GE is highlighting its AMX Navigate mobile x-ray system, which the company introduced in September 2021.
More efficient workflow is a major selling point of the new system, according to GE. To that end, Zero Click Exam is a protocol that's designed to improve workflow by enabling technologists to start an exam simply by scanning the patient's bar code.
The company is also discussing how the system's power-assisted Free Motion telescoping column can reduce strain on technologists by reducing by 70% the amount of lift force required to move the column.
Another x-ray highlight is Critical Care Suite 2.0, a family of AI algorithms available on the mobile system that can immediately highlight critical cases at the point of care, helping patients get treatment faster. The FDA just recently cleared the use of the software for assessing endotracheal tube placement on x-ray images, which GE says can help in the treatment of patients with COVID-19 who require intubation.
Elsewhere in GE's booth, Definium Tempo is a new midrange x-ray system that's available in two versions, Definium Tempo Plus in two axes and Definium Tempo Pro in four axes. The family was launched in September 2021.
The system is intended to offer radiologists and technologists "personal assistant" tools, with a tube-mounted console that allows for patient and protocol selection, technique modification, and positioning at the patient's side in the scanner.
The device also includes features that automate system positioning to improve ergonomics for the technologist, and its Intelligent Workflow Suite offers workflow tools that combine 3D video camera, computer vision, and video analytics, according to GE.
Finally, GE is highlighting a tomo feature for its Precision 180 remote radiography and fluoroscopy system.
Molecular imaging/Nuclear medicine
The StarGuide SPECT/CT scanner, launched in March 2021, is a major highlight in this area of GE's booth.
StarGuide is built around 12 of GE's Digital Focus detectors, which scan patients in 3D to provide more details to clinicians, and 360-degree imaging that aims to help advance precision health and support greater theranostic capabilities in nuclear medicine.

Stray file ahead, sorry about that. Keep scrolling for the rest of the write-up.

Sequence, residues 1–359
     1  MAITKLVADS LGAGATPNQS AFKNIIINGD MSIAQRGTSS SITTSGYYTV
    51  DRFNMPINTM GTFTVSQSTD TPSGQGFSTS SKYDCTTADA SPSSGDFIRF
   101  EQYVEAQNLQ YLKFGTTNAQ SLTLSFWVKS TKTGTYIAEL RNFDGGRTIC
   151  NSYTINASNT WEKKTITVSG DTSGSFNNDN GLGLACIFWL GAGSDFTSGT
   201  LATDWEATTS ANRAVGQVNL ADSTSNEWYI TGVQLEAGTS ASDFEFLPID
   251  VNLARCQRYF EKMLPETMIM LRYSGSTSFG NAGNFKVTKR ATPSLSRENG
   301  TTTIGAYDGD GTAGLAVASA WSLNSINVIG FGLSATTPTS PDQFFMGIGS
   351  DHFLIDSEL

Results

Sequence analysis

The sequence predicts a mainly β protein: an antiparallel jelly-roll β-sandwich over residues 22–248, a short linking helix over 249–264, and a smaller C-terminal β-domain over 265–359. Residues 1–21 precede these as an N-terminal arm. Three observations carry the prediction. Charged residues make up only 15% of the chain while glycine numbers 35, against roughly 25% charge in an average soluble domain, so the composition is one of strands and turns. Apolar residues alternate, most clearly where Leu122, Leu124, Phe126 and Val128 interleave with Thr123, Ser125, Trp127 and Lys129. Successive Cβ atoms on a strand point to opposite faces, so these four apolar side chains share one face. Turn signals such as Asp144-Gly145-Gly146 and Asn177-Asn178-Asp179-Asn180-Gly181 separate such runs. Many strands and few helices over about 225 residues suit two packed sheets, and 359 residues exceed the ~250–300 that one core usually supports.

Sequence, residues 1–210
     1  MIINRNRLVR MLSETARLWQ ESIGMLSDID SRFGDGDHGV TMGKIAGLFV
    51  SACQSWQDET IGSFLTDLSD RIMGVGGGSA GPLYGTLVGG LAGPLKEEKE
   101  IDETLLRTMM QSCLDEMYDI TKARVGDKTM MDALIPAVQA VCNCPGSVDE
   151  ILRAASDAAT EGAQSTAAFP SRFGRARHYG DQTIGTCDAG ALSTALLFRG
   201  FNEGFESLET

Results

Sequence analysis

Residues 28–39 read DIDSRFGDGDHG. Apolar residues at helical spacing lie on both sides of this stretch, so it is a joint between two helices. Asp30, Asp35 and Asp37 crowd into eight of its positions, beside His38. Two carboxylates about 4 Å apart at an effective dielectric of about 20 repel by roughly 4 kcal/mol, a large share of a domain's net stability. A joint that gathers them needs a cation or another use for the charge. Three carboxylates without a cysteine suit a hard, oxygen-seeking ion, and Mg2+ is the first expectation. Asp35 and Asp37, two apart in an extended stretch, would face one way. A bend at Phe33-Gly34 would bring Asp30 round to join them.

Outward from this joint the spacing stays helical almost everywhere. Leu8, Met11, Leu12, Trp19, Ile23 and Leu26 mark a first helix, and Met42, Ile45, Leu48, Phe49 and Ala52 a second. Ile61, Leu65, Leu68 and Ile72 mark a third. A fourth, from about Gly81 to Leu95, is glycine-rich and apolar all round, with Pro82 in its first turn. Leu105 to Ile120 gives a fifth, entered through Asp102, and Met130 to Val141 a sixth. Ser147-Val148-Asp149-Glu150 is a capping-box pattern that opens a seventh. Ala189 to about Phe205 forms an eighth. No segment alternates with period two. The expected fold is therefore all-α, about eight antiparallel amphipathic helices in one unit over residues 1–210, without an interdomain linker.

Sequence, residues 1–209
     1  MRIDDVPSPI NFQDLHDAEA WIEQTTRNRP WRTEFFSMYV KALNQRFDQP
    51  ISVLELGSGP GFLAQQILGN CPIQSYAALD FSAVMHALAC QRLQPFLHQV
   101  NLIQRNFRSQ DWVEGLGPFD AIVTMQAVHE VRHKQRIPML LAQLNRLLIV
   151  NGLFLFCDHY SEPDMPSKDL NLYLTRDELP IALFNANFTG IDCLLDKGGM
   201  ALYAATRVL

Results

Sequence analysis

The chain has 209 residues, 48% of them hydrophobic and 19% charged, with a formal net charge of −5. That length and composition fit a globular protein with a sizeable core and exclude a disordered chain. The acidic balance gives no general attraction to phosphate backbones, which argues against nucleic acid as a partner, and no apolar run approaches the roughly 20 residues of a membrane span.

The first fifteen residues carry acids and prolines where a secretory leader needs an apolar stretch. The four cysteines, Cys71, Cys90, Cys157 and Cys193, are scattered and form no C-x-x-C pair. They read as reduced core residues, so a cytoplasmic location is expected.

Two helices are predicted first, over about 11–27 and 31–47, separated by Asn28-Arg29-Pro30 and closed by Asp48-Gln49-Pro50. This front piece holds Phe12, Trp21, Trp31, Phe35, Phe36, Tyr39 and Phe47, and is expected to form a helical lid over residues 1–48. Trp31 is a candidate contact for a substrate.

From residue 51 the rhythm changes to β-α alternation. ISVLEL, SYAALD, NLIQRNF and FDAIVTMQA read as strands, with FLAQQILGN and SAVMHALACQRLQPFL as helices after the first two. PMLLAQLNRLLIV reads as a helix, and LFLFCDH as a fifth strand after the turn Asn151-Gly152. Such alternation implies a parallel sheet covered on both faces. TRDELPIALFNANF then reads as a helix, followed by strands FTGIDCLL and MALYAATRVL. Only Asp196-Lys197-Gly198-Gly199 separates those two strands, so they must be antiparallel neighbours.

GE StarGuide SPECT/CT scanner.
GE is touting the versatility of StarGuide's shape-adaptive gantry, which allows clinicians to narrow their fields of view to focus on specific body parts, including the heart and brain, to generate images with greater detail that is more difficult to attain on conventional systems. The technology allows users to redefine how bone and cardiac assessments are performed and offers the ability to scan multiple isotopes to enable simultaneous imaging in a single session.
The system has FDA clearance, and the first unit has been installed at Stanford University in California.
The Invenia ABUS 2.0 automated breast ultrasound (ABUS) scanner is a highlight of GE's booth. The new version features automated assist tools to speed up exams, and GE has also secured collaboration deals with third-party software developers to improve detection of lesions and provide patient risk-assessment scores.
The second generation of GE's Senographe Pristina digital mammography system is being touted in the women's imaging section of GE's RSNA booth. The system includes the company's Efficiency Suite of applications to support more efficient operation, while contrast-enhanced spectral mammography (CESM) continues to be a point of emphasis for the company in women's imaging.
The Vscan Air handheld ultrasound scanner is being emphasized in the ultrasound section of GE's booth. The scanner is wireless and fits in a clinician's pocket, making it easy to use at the point of care. The scanner was launched in March 2021.
GE is touting the scanner's dual-probe mode, which enables whole-body imaging for either deep or shallow scanning, with only the push of a button required to capture images.
Other ultrasound highlights include the Logiq P10 XDclear value-segment scanner, new AI applications for the flagship Logiq E10 scanner, and an Ultra upgrade for the Vivid E95 cardiovascular scanner.
The major news in this area of GE's booth is a major investment in cloud-based enterprising imaging. GE is working with Amazon Web Services to develop cloud-based versions of its PACS, vendor-neutral archive, and advanced visualization software. The company will continue to offer on-premises versions of its software applications for customers that wish to retain more control over their data.